Create the family you want to have

How to answer tough questions from your kids

The sex talk!  Did you ever try drugs?  How old were you when you first….?

We all dread these questions as parents but we all get them.  So, what to do?  Let me give you the quick 4 step system that I use to help navigate those sticky questions with my children and that I teach to the parents of my clients.

1.  Think through what you would want to say to your child about any things you did that you are not proud of.  Think past denial, denial- your kids know you aren’t perfect and when you lie to them you look bad and they trust you less.

2. Think about the developmental age of your child (this may be different from their chronological age).

3.  Make sure you know what the question is!  How many times have parents had a child ask where babies come from, then launched into a whole developmentally appropriate conversation about where babies come from, only to have their toddler then say they just were wondering if you got babies from the hospital or whether the stork brings them?

4.  Once you have determined the questions, answer only the question your child asked.  See my second step for part of why you want to do this, but another reason why is that with sticky questions, your child may not want to really know all of the answers.  They may ask if you ever tried drugs but they are not ready for a whole conversation about who, what, where, when and why…A simple- I did try them in college but I don’t do them anymore and hope you don’t either- will suffice, unless they ask for more and you are ready to give them more.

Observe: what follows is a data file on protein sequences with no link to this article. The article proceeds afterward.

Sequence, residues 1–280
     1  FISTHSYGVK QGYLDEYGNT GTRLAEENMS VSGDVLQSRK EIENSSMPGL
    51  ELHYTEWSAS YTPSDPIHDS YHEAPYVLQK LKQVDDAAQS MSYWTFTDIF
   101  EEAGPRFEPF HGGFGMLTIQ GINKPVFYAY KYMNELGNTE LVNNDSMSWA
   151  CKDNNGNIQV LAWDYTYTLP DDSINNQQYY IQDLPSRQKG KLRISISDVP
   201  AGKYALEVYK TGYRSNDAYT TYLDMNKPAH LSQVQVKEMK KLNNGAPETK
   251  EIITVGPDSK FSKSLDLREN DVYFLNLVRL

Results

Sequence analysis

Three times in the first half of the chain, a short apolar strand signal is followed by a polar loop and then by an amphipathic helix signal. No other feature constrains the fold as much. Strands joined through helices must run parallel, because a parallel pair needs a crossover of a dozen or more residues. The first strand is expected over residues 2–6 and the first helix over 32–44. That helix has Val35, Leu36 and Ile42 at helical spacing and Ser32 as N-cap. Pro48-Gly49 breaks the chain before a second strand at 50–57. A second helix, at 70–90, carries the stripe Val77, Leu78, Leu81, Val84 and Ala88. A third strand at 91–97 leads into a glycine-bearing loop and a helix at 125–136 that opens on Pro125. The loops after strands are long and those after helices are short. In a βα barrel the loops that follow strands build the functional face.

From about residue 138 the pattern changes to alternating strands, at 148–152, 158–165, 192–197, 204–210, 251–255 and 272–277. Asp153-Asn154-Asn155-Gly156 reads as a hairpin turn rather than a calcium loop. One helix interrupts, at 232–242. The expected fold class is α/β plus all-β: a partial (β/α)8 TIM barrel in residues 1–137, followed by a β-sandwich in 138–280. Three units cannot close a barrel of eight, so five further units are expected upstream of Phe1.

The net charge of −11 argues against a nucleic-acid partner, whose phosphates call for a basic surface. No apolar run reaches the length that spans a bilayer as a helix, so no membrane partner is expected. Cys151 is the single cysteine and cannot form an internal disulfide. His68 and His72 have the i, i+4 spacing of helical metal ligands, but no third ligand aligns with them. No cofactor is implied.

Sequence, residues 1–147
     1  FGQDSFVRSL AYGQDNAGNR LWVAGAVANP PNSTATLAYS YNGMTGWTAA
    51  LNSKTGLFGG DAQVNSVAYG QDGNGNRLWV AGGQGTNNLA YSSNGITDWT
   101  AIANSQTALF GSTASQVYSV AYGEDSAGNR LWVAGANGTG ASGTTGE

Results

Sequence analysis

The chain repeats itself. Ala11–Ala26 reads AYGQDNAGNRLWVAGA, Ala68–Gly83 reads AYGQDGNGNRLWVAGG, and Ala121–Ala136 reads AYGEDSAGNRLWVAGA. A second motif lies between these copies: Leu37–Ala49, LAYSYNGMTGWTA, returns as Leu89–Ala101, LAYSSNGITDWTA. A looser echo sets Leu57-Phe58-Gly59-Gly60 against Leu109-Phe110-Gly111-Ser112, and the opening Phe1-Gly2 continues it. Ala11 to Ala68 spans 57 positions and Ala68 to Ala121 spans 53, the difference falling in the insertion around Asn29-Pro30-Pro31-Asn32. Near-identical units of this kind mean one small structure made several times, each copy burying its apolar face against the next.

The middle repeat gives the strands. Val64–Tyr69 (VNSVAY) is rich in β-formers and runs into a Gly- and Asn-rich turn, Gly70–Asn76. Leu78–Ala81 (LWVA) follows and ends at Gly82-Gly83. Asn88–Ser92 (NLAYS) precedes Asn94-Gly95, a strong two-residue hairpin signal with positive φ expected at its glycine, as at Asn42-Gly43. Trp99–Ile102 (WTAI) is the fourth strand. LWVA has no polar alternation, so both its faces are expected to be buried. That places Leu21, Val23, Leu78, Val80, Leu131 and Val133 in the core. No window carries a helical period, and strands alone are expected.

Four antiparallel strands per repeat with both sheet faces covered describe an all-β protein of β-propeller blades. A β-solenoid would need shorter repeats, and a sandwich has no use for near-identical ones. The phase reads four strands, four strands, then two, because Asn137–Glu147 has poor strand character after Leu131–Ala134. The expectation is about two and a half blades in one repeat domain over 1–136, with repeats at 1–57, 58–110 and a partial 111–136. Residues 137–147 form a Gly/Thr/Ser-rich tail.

As you can see, I am an advocate for honesty.  Children are like little bs detectors.  Their little antennae go up when you lie (just like yours do when they lie to you).  I advocate matter-of-fact honesty with kids.  They will appreciate you for it and will listen more to the part of what you say when you say- I did that, I tried that and I’m so glad I don’t do it anymore.  Or, I never did that, I never tried that and I’m so glad I didn’t.  Be sure to watch your tone- you don’t want to glorify the behaviors or demonize them either.  In many cases your child may be gearing up to tell you something they or a friend have done, or witnessed and by telling a child all the evils, you shut down the next, most important conversation- what if I…?  You know the conversation where you tell them about how to stay safe, and how even if you were disappointed in their choices you would still love them.

Please stay tuned for more parenting tips.  To find out more about me, or my practice please visit my practice website:

March 29, 2012 - Posted by | help for parents | , , , , , , , ,


  1. I have always been honest with my child and step-children (appropriately of course). It’s hard getting the tough questions lobbed at you, but satisfying when they can walk away with an answer that you know will increase their own knowledge.

    Comment by Karaboo | March 29, 2012 | Reply

  2. […] How to answer tough questions from your kids ( […]

    Pingback by Chronological Age vs. Developmental Age | help4yourfamily | April 13, 2012 | Reply

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